Welcome to the MadeGood.bikes complete guide to bicycles; how they work and what they are. We've tried to make it as simple as possible to navigate, and have as much information for those new to cycling as we do for lifetime bicycle connaisseurs. It's comprehensive, easy to understand and always up to date.
The frame is the most significant part of almost any bike. It defines what the bike can used for, not only from its own character but also by dictating what other components can be fitted. A classic bike frame is made from tubular metal in the form of two triangles but it can take many forms, and be made from a range of materials.
Broadly speaking there are two major wheel sizes – 700c for road bikes and 26 inch off-road wheels. However there are a whole variety of older, less common wheel sizes and of course fold up bikes have much smaller wheels altogether. Repairing a puncture is not an emergency! It’s a basic procedure that every cyclist should be able to to perform, but doing it correctly involves more steps than many people realise. Wheel building is often seen as the most artful skill in bicycle maintenance, and separates the professionals from the amateurs but that doesn’t mean you should consider it out of reach. Truing a slightly misaligned wheel is a cycle maintenance job that almost any cyclist can perform.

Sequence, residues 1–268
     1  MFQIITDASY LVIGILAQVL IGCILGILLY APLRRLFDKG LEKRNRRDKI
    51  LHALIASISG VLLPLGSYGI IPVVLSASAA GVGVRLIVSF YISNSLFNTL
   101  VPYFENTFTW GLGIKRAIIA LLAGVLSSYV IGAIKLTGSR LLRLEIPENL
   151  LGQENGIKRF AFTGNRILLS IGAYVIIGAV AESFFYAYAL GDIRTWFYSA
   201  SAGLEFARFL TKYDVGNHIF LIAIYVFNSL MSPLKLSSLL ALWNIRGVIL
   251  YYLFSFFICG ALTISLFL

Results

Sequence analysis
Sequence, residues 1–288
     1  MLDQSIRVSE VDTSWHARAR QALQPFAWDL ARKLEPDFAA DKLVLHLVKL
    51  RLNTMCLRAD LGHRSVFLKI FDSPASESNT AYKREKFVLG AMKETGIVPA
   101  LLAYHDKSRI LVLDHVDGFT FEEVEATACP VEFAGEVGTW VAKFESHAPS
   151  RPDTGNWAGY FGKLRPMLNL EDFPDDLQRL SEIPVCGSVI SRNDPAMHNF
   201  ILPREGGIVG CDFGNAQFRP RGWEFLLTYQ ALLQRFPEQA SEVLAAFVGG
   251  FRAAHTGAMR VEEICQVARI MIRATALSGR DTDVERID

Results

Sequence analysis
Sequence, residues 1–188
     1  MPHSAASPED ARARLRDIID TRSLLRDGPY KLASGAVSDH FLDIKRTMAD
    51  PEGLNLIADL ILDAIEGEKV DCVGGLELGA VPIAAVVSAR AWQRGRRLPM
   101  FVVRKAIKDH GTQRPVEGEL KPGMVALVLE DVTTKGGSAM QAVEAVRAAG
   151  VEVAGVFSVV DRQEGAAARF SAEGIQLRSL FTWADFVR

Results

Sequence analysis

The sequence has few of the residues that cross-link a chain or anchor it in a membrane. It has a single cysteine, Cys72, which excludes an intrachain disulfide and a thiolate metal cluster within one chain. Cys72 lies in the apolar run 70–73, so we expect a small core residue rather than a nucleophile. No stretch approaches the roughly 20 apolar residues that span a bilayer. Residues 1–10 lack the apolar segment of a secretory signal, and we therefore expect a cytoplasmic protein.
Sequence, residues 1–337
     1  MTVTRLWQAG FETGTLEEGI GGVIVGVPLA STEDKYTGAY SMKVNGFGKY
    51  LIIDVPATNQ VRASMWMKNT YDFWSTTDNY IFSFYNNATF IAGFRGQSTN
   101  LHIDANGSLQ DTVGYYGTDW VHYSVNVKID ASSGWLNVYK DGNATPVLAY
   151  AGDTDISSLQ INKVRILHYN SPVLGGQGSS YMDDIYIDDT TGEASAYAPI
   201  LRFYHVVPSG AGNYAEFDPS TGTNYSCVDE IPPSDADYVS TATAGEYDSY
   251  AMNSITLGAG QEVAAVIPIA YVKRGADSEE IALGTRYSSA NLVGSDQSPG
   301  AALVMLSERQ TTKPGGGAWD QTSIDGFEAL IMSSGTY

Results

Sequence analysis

Brakes come in a variety of designs depending on the age and style of your bike. Rim brakes offer more modulation but have less stopping power, so are more suited to riding on the roads. Disc brakes can provide huge amounts of stopping power so are best suited to off road riding, although ‘V’ rim brakes are also well suited to mountain biking. All brakes use a friction system to stop the movement of the wheel, so regular checks of the contact pads should form part of your regular cycle maintenance.
Friction gear systems are a lot simpler to adjust, because the movement of the derailer cable can be modulated as you ride, every time you change the gear- they require less cycle maintenance. Modern index shifting systems are a little more complicated because each ‘click’ must release the exact right amount of cable to allow the derailer to move the correct distance to move the chain from one gear to another. Setting up and adjusting a derailer is not difficult and requires only basic tools, but there is a methodical procedure to follow.
Many bicycle accessories are available to enhance the riding experience, or simply to minimise the stress that can sometimes come with cycling when things go wrong.
Whether out on a ride or at home, some products are obviously more essential than others. Choosing the right kit that suits your riding and maintenance routine is something worth spending time considering.